The IME originally wrote 在る for ある, but I assume that's only because I've typed "aru" that way a few times before, so if I hadn't, it'd surely have said ある.

"jissai" = 実際 = "in fact". Since it's separated from the rest of the sentence, this is a perfectly plausible meaning for this phrase.

"watashi" is obviously 私, "I".

"dono you" means "how", or literally "what way". It could also be written "どの様", but all the examples that WWWJDIC has use all kana, a strong suggestion that it's usually written that way.

"gakushuu" is either 学習 or 学修, both meaning "learning" or "studying". Both of my other dictionaries have only 学習, so this is probably the right one. (ENAMDICT says that "gakushuu" is also a name, but since it's being followed by "suru", that obviously isn't the case here.)

Of course, "suru" and therefore "shita" is always kana. Put this together with the previous word and we have "studied".


Correct.

"shuuyaku" is 集約 and has a variety of meanings. I'll come back to the meaning when I understand more of the sentence.

"shite" is "suru" again.

"kantan" is a bit puzzling; I'll get back to it.

"いう" can be "言う", but I'll leave it as いう unless I know it's direct speech.

"bunpou" is 文法, "grammar/syntax". There's a homonym 分封 that doesn't fit the context, so I'll ignore it.

"nado" is "etc.", and can be written 等, but again I'll trust the IME for now.

"sezu" is "without" and has no kanji.

"hitasura" has a few meanings, but all are marked "usually kana".

The only entry for "kyoumi" that isn't a name is 興味, "interest". I'll assume this is the right one unless I find cause to assume otherwise.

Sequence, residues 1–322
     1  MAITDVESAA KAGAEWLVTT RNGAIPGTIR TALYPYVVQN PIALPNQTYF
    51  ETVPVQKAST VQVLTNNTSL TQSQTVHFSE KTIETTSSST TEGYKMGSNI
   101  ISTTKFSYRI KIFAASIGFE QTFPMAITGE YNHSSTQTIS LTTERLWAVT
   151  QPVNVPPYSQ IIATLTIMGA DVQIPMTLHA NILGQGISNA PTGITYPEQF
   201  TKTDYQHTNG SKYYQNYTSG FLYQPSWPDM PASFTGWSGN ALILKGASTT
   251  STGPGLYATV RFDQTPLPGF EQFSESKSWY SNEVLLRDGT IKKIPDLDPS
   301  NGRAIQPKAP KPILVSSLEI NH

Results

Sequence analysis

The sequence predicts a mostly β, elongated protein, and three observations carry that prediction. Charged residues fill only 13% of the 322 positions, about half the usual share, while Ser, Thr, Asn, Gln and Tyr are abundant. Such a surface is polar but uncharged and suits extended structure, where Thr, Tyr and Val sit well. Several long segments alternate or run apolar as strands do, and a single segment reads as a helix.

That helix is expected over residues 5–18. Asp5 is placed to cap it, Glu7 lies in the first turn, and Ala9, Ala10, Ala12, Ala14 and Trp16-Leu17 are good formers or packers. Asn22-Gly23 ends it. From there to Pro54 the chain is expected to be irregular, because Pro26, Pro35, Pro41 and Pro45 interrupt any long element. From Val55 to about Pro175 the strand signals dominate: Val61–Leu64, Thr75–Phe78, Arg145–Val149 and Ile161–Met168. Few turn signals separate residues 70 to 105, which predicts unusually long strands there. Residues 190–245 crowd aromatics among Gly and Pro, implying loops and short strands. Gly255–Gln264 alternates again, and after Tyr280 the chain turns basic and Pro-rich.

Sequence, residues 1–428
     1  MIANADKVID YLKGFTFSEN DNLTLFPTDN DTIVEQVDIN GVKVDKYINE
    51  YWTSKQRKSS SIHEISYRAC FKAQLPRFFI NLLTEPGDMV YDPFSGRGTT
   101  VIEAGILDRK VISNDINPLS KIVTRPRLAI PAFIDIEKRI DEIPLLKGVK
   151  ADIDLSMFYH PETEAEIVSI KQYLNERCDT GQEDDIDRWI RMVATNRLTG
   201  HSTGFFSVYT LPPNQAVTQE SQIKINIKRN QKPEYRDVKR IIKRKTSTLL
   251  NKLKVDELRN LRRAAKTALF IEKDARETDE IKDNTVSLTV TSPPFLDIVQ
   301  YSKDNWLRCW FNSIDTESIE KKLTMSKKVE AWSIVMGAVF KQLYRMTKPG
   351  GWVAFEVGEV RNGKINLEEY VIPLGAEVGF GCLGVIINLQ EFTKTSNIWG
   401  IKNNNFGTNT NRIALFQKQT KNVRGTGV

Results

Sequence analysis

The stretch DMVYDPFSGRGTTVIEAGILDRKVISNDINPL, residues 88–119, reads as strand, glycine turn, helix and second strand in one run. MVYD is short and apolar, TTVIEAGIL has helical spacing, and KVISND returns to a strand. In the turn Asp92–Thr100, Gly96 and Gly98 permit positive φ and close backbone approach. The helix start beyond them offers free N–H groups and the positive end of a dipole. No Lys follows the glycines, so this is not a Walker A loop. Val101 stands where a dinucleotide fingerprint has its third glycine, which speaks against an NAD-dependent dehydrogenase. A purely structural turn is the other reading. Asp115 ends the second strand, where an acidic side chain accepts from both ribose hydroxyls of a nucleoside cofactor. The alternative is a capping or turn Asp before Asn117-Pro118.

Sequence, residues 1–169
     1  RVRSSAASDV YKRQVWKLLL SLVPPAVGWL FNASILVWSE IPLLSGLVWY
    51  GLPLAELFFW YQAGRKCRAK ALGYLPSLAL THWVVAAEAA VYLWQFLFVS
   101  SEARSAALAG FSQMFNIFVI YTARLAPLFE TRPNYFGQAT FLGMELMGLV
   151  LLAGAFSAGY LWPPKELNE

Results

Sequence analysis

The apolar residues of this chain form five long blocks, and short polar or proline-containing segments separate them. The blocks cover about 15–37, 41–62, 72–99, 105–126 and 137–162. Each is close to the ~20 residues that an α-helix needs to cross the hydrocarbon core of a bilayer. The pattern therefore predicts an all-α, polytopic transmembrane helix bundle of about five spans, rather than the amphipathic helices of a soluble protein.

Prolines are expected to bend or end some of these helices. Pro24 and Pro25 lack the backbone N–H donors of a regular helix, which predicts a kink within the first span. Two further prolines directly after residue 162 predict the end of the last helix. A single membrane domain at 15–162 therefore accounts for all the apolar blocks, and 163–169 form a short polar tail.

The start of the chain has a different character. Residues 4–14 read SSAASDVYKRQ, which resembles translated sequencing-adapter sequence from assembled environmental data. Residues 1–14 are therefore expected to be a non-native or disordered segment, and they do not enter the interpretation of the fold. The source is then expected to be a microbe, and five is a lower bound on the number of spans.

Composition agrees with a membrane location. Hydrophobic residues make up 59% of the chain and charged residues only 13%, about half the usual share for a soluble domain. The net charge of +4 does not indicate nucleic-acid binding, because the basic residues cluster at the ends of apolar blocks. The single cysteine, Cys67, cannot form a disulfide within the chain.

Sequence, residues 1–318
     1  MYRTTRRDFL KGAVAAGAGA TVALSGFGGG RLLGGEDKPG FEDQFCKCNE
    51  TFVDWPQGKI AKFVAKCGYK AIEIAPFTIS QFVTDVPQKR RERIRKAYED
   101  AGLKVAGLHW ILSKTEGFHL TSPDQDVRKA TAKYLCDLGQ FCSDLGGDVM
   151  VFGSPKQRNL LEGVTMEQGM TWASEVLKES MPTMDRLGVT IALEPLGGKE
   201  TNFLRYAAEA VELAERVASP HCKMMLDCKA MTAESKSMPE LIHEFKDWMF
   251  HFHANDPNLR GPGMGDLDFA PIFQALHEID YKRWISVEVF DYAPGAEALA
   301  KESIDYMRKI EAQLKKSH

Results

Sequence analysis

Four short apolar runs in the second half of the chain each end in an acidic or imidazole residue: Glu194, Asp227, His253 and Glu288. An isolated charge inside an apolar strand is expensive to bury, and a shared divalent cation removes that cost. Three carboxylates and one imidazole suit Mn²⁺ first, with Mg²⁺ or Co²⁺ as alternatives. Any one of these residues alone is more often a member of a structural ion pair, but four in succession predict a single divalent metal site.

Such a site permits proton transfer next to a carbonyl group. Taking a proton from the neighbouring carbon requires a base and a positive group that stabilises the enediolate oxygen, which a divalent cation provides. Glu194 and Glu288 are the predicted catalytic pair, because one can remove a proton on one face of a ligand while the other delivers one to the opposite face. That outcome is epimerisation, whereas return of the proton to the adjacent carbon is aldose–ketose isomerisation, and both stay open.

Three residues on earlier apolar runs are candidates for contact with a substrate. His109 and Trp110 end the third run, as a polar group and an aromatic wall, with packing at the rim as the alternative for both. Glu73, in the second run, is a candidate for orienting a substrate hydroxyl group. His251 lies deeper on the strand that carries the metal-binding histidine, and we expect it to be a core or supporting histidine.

"aru", as I mentioned before, is always kana.

"hon" is 本, "book", which makes sense because it's followed by a verb about reading.

"yomitsudzuketa" is 読む "to read" + 続ける, "to continue" + past tense.

"iu" has already been mentioned.

"koto" is usually kana.


For the most part correct. You've misinterpreted 集約 and 簡単 but more on that later.

Now I have to try to make sense of all this. This is a little difficult because an English translation has not been provided, and although I have a good grasp of the basic principles of Japanese grammar, my knowledge is still pretty limited.

Let's try to break it down. First, a gloss.

"In-fact, I [SUBJ] how [NI] studied [QUESTION] [OBJ], intensive(?) doing 'kantan' say , grammar etc. [NI] without nothing-but(?) interest [POSS.] exist book [OBJ.] continue-to-study QUOTE say [NOMINALIZER] is."


Ouch. I suppose there are some uses for glosses like this, but I always find them inelegant.

This is going to be too hard for me to understand exactly. Hmm... now that I think about it, I think 'kantan' is a name. Isn't that the name of a book or something? It's probably 簡単, "simple", so 簡単という means "called Kantan"... the 'to' afterwards must be an 'and' in this case, not another quote marker... argh, this is too complicated. This is one reason why I wanted a translation. :P